From one of the world's leading writers on religion and the highly acclaimed author of the bestselling "A History of God" comes a major new work: a chronicle of the ninth century BCE, when the peoples of four distinct regions of the civilized world created the religious and philosophical traditions that have continued to nourish humanity into the ...
From one of the world's leading writers on religion and the highly acclaimed author of the bestselling "A History of God" comes a major new work: a chronicle of the ninth century BCE, when the peoples of four distinct regions of the civilized world created the religious and philosophical traditions that have continued to nourish humanity into the present day. 25 maps.
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Publishers Weekly, 2006-01-16 Having already recounted "a history of God," the redoubtable Armstrong here narrates the evolution of the religious traditions of the world from their births to their maturity. In her typical magisterial fashion, she chronicles these tales in dazzling prose with remarkable depth and judicious breadth. Taking the Axial Age, which spans roughly 900 B.C.E. to 200 B.C.E., as her focal point, Armstrong examines the ways that specific religious traditions from Buddhism and Confucianism to Taoism and Judaism responded to the various cultural forces they faced during this period. Overall, Armstrong observes, violence, political disruption and religious intolerance dominated Axial Age societies, so Axial religions responded by exalting compassion, love and justice over selfishness and hatred. Thus, the central Buddhist and Jain practice of ahimsa, doing no harm, developed in India in reaction to the self-centeredness of Hindu ritual, and Hebrew prophets such as Amos proclaimed that justice and mercy toward neighbors offered the only correct way of walking with God. Accounts of the world's religions often present them as discrete entities developing apart from each other in a vacuum. Armstrong's magnificent accomplishment offers us an account of a violent time much like ours, when religious impulses in various locations developed practices of justice and love. (Apr. 3) Copyright 2006 Reed Business Information.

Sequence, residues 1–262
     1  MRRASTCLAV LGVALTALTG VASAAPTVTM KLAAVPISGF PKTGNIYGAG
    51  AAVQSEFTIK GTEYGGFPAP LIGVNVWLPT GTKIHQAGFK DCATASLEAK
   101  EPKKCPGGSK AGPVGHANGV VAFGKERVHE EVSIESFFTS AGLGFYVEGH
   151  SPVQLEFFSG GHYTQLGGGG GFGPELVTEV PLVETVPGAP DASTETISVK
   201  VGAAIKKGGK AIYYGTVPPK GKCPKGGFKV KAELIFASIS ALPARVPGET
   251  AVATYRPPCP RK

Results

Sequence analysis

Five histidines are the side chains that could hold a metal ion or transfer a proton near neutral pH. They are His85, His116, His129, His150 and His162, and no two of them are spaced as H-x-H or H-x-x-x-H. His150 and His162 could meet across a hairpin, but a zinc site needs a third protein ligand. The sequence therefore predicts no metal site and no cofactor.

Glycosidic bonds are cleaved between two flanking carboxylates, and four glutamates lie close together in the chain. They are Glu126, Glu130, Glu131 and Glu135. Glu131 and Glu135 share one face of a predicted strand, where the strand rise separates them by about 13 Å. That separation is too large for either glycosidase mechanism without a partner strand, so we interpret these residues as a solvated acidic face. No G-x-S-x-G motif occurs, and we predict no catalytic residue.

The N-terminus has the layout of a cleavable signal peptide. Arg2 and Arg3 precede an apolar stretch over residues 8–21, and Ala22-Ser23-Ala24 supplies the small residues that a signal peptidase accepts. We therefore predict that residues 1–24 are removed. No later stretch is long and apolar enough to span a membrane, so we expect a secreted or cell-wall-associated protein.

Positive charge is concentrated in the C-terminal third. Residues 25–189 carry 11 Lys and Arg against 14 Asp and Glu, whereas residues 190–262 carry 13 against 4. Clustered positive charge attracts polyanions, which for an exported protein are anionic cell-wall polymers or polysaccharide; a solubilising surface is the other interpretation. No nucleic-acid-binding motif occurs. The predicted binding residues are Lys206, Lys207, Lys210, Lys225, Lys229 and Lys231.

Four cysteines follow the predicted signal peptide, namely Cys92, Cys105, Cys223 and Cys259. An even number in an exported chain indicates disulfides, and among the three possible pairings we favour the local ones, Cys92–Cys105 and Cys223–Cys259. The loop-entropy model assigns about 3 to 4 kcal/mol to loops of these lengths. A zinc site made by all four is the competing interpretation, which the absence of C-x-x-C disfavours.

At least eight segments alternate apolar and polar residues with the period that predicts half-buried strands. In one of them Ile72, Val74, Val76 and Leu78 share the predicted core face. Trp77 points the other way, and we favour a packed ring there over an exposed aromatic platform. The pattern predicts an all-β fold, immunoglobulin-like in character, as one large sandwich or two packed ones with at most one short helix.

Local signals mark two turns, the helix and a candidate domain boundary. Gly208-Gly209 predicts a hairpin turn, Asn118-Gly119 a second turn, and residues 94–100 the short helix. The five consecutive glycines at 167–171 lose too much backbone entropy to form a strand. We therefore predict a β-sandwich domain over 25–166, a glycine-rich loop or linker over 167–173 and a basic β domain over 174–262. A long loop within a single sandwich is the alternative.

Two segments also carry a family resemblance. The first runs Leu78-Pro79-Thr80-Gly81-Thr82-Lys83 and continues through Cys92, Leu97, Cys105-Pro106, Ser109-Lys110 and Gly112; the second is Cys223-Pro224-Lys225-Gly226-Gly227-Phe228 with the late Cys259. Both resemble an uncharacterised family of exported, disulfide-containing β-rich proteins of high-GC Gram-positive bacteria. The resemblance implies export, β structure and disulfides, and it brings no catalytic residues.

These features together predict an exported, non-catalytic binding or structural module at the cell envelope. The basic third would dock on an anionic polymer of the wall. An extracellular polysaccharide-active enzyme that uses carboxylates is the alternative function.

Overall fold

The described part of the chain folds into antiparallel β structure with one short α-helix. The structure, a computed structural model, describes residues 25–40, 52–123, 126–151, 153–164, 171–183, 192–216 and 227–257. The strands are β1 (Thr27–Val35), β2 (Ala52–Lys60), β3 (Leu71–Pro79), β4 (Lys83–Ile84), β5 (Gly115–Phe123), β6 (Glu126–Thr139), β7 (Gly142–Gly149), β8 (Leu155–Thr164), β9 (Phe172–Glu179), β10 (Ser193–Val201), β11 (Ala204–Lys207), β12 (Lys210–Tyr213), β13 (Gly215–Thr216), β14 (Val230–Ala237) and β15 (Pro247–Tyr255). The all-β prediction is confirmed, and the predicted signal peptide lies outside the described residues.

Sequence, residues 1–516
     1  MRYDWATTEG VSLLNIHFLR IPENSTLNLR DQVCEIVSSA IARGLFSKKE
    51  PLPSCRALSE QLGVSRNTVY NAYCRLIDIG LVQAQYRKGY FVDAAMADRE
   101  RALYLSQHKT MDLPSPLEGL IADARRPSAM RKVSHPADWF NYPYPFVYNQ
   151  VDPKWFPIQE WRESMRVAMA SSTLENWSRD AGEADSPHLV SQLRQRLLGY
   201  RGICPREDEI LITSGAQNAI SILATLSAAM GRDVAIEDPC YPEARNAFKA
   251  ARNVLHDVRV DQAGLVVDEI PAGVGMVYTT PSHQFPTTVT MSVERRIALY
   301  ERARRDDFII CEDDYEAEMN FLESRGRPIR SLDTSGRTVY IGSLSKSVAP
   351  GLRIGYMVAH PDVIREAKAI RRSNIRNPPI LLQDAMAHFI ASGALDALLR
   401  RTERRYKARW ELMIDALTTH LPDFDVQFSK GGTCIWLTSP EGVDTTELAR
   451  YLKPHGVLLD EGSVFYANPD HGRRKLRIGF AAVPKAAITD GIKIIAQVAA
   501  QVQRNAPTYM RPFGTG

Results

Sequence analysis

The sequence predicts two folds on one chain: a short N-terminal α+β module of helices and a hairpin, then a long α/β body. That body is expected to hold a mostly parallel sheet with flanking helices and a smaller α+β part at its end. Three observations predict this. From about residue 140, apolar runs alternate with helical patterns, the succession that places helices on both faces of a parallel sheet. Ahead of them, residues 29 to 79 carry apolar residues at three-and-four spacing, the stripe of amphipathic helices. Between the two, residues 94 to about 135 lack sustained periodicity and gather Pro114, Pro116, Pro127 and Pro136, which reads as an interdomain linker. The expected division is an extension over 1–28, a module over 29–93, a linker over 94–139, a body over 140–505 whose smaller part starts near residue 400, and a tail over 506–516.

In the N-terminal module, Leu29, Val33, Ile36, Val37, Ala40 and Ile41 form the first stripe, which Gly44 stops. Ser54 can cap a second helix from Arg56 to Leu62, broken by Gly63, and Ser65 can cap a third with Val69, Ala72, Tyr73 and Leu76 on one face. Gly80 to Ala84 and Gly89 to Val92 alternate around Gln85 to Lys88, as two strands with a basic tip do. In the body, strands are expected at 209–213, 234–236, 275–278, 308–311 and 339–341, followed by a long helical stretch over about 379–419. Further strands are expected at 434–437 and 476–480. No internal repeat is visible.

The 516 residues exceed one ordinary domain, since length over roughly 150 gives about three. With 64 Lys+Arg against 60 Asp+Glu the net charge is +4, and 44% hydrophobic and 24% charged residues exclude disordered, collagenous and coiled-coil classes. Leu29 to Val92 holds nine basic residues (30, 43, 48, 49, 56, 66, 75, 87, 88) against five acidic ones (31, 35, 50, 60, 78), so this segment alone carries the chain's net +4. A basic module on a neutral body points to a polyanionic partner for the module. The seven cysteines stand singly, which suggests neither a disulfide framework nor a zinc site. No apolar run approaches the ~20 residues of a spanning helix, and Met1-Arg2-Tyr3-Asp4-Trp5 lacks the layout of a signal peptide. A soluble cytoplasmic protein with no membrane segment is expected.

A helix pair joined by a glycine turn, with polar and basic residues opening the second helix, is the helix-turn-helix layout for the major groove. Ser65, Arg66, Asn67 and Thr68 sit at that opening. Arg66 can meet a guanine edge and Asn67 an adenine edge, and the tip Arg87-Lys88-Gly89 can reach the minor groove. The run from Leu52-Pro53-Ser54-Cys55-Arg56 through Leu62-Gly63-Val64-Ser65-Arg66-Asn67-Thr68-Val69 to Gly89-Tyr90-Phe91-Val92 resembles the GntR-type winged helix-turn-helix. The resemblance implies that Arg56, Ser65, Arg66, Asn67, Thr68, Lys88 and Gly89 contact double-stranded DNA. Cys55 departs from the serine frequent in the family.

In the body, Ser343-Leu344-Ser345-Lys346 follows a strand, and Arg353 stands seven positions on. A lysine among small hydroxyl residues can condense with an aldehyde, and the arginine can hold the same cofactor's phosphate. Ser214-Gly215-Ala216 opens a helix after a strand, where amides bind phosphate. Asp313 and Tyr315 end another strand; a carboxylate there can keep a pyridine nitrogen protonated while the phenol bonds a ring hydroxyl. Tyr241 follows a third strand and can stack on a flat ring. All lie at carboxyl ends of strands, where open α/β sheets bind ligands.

Publishers Weekly, 2006-06-05 It's not what one may expect from a book about the development of the world's religions: "Crouched in his mother's womb, he lay in wait for his father, armed with a sickle, and the next time Uranus penetrated Gaia, he cut off his genitals and threw them to the earth." However, the Greek myth of Cronus clearly illustrates Armstrong's main thesis, that the "simultaneous" development of the world's religions during what Karl Jung called the axial age, is a direct result of the violence and chaos, both physical and spiritual, of past civilizations. Armstrong, a former nun turned self-described "freelance monotheist," has enough background and personal investment in the material to make it come alive. Her delivery is crystal clear, informative and, though somewhat academic, easy for the layman to understand. Her voice is straightforward yet wrought with palpable concern. This reinforces the book's goals of creating a clear understanding of where religious developments have come from and explaining how today's "violence of an unprecedented scale" parallels the activities that created the "axial age" in the first place. Simultaneous release with the Knopf hardcover (Reviews, Jan. 16). (Apr.) (c) Copyright PWxyz, LLC. All rights reserved
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